Washington, D.C. Exchange
The University of New Mexico School of Law, the state’s only law school, is located at the edge of a nine-hole golf course and adjacent to the state Court of Appeals Pamela B. Minzner Law Center.
Students will find a school that emphasizes a commitment to practical lawyering in a small, intimate environment. A 10:1 student/faculty ratio fosters personal and hands-on involvement both inside and outside the classroom. In addition to its flagship clinical law program, students come to the UNM School of Law to study Indian law and natural resources law, which is enhanced by the Utton Transboundary Resources Center. In addition to those areas, the faculty brings a rich diversity of interests and experiences to the school.
Albuquerque is the state’s largest city, with a metropolitan population exceeding 700,000. Straddling the Rio Grande, the city stretches from high-desert plains to the Sandia Mountains, and is bordered on two sides by Isleta Pueblo and Sandia Pueblo. With a rich multi-cultural history, Albuquerque retains a strong connection to its Spanish colonial and Native American past, and is also home to a vibrant contemporary arts community.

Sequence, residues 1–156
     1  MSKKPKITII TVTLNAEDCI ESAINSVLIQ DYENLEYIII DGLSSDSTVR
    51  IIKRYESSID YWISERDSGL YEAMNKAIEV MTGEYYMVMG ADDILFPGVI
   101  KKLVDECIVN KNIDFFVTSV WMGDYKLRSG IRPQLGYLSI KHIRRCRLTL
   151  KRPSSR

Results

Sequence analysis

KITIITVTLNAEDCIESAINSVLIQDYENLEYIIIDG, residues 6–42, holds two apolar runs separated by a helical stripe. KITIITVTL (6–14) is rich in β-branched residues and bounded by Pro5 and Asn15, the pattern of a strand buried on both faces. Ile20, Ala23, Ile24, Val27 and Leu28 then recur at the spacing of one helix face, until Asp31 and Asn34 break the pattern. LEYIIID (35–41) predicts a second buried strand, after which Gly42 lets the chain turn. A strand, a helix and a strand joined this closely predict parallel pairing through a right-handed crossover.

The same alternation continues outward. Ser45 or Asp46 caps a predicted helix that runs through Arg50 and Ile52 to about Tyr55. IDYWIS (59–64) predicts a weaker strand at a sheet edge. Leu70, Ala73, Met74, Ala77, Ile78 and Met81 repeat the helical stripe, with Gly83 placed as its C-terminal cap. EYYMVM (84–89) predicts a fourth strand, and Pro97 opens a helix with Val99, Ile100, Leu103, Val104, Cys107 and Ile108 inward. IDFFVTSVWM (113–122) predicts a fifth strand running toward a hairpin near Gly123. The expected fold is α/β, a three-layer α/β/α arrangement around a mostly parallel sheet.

At an altitude of 5,000 feet, the city enjoys a steady diet of sunshine and a moderate climate, and is home to the largest hot-air balloon rally in the world every October.
Albuquerque Convention and Visitors Bureau
Evidence of New Mexico’s fascinating history is found in its legal landscape. For example, there are 22 self-governing Indian tribes in New Mexico, providing students with unique learning opportunities. The state’s water law reflects its origins in Spanish law. Albuquerque is an hour’s drive south of Santa Fe, one of the oldest capital cities in the country and also an art mecca.
Whatever direction visitors strike out from Albuquerque, they will find a state unlike any other, where Spanish might still be the first language spoken, or a dramatic landscape carved by ancient volcanoes.
New Mexico Tourism